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Man who supplied gun used to kill grocer Singh is sentenced to federal prison

By Mark Shenefelt - | Mar 2, 2023
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The United States Courthouse in Salt Lake City is pictured on Wednesday, Jan. 30, 2019.
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Satnam Singh is pictured in an undated photo with his youngest daughter, who family asked not be named. Singh was shot and killed on Feb. 28, 2021, while tending to this Ogden convenience store, prompting a strong outpouring of support from the public.

SALT LAKE CITY — A Kaysville man who sold a stolen handgun to an Ogden teenager that was used to kill grocer Satnam Singh has been sentenced to 18 months in federal prison.

Relatives and a friend of Taydon Law, 22, wrote letters to U.S. District Judge Ted Stewart, asking that Law be put on probation with no time behind bars. But in a sentencing hearing Tuesday, Stewart ordered Law to spend 18 months in federal prison and then serve three years of supervised probation.

Last October, Law agreed to a plea bargain in which he pleaded guilty to being a felon in possession of a firearm. The maximum sentence for the crime is five years in prison. A second charge was dismissed in return for the guilty plea.

The federal prison sentence will be served concurrently with any state prison terms, Stewart said. State court records show Law had two second-degree felony burglary convictions in Davis County in 2019.

Law’s case stems from the Feb. 28, 2021, slaying of Singh, 65, inside his Super Grocery store in Ogden. Prosecutors said Law provided a Ruger to Antonio Gianny Garcia, now 17, who pleaded guilty to two first-degree felonies in the shooting and is serving two consecutive sentences of five years to life in prison.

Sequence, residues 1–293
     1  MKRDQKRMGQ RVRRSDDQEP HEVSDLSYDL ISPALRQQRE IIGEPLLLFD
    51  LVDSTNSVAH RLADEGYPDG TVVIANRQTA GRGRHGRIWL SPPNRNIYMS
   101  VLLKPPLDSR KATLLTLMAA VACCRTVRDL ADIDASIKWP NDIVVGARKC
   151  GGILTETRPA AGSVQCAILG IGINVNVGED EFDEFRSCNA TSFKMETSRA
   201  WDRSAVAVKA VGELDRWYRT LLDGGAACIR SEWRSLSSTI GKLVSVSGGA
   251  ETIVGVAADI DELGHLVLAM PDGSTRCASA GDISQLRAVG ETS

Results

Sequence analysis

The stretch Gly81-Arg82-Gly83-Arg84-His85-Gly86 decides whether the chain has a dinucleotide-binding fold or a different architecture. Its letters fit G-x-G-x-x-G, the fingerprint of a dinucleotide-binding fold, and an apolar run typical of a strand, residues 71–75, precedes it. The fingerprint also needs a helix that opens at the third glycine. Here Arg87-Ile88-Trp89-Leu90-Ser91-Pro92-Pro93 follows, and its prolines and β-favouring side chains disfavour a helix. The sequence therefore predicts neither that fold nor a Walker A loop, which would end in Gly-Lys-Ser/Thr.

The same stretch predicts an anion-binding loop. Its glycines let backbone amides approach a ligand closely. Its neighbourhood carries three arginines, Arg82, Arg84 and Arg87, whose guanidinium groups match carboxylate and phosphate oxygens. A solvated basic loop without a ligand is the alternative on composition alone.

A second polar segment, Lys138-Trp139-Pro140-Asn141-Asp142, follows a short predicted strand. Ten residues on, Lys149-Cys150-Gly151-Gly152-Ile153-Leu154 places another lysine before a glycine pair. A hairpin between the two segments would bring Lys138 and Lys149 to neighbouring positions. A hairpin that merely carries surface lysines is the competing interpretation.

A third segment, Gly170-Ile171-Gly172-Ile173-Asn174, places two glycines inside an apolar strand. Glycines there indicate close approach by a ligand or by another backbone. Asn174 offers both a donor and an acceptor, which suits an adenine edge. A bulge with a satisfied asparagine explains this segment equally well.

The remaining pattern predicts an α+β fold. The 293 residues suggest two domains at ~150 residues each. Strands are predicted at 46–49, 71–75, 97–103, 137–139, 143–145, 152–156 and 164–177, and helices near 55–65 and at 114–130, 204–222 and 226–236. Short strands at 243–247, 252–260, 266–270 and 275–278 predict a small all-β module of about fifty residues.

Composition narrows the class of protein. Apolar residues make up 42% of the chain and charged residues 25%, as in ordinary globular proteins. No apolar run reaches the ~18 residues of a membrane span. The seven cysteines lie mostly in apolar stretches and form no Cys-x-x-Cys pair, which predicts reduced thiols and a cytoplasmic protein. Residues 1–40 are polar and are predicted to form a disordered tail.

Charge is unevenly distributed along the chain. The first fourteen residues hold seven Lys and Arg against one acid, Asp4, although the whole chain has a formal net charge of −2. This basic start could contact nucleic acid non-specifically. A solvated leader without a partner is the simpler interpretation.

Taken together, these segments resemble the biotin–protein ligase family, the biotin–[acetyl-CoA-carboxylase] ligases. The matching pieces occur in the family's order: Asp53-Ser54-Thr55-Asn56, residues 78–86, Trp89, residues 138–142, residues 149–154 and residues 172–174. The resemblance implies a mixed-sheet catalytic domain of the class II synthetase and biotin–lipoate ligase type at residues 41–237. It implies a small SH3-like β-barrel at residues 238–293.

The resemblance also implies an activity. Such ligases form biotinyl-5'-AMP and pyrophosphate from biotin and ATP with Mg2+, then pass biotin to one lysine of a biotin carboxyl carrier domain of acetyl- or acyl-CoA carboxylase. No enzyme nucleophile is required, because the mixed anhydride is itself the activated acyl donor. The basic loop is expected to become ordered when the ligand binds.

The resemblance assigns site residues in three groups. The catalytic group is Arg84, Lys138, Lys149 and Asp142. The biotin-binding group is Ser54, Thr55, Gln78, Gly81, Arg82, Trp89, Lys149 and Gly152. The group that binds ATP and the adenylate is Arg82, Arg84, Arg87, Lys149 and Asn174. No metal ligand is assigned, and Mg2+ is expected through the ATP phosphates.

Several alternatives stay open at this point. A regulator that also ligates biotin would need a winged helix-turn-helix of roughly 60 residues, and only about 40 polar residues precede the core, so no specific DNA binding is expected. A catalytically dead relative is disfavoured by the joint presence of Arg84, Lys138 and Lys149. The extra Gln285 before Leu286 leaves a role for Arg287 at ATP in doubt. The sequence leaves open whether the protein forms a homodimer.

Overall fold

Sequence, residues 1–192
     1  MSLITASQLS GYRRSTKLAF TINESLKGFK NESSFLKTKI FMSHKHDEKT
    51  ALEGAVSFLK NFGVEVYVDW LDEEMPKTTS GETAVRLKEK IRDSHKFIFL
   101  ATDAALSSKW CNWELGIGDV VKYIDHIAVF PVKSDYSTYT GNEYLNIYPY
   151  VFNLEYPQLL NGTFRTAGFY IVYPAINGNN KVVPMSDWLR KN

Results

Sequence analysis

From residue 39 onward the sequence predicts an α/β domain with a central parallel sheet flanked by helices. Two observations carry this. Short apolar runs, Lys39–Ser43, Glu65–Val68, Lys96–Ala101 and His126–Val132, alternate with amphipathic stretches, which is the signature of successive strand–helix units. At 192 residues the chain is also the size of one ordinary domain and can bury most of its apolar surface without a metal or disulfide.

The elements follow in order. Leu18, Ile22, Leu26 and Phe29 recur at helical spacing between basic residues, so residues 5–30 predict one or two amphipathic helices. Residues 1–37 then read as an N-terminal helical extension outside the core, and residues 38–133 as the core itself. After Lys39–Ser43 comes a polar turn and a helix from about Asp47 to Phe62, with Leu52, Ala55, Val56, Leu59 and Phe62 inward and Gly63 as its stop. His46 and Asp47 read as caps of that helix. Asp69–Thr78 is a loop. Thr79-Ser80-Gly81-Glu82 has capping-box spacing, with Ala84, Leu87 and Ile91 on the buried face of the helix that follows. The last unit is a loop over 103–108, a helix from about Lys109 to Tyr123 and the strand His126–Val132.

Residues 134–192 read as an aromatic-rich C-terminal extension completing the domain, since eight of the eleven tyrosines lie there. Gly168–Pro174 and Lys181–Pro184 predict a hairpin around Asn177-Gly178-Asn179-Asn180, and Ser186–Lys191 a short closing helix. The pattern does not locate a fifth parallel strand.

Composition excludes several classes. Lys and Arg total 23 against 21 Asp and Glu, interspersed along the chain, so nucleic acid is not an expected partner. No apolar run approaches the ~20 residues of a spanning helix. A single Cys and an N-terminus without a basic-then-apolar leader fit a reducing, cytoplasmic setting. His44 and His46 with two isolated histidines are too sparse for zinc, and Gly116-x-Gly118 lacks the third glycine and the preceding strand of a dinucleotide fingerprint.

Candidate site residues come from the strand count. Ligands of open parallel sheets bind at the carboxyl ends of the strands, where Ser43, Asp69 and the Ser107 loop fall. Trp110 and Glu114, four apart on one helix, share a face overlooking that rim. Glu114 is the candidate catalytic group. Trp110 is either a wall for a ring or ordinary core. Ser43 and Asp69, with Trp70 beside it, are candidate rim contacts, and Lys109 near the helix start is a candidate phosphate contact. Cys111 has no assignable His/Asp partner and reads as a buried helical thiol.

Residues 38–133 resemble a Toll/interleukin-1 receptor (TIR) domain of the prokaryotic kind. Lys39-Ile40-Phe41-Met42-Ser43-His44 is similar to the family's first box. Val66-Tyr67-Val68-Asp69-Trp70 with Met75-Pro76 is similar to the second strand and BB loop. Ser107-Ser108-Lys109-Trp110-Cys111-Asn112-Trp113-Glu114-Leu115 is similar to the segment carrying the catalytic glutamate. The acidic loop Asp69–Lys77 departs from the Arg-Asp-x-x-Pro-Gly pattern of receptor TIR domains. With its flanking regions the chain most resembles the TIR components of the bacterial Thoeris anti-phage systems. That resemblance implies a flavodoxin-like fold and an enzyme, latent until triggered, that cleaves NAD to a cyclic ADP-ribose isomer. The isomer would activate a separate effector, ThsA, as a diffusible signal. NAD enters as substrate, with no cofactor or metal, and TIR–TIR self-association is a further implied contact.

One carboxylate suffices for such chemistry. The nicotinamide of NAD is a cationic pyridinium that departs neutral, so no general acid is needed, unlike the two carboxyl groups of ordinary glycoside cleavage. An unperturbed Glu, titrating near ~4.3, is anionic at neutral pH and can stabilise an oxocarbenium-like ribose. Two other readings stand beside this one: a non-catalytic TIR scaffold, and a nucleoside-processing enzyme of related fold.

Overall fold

The Weber County Attorney’s Office tracked down the source of the handgun and the local prosecutors referred the case to the U.S. Attorney’s Office in Salt Lake City.

The Ruger was stolen in Park City, Weber County Attorney Christopher Allred has said, but further details about how Law got the gun to Garcia have not been divulged. Allred said Garcia “never did fess up” to how he obtained the gun.

On Feb. 22, the Federal Public Defender’s Office in Salt Lake City filed three character letters on Law’s behalf.

“Taydon is a good kid and is full of love and life,” his parents wrote in their letter to the judge. “He has made some bad choices, thinking he could do something a little shady to get ahead and make a little money. He was a dumb kid that made a quick dumb choice not realizing what it could turn into.”

They added, “We feel that the time he has spent incarcerated and on probation has been sufficient to teach him the desired lesson, and any more time spent in prison would actually be counterproductive.”

Law’s grandfather wrote that Law “is a good young man and has shown his desire to change.” He, too, urged no prison time, saying, “I read and hear stories of young men who were incarcerated that are changed forever and never quite fit into society no matter how hard they try.”

The robbery and murder of Singh devastated his family and shocked the Ogden community. He was an immigrant from India whose store on the north end of Ogden City was a neighborhood anchor. After his death, family, friends and customers attested to his positive influence in the community.

Garcia walked into the store late at night, selected a few items, drew the handgun and told Singh, “This is a stickup,” then fired several times. Singh was hit three times and died in the store.


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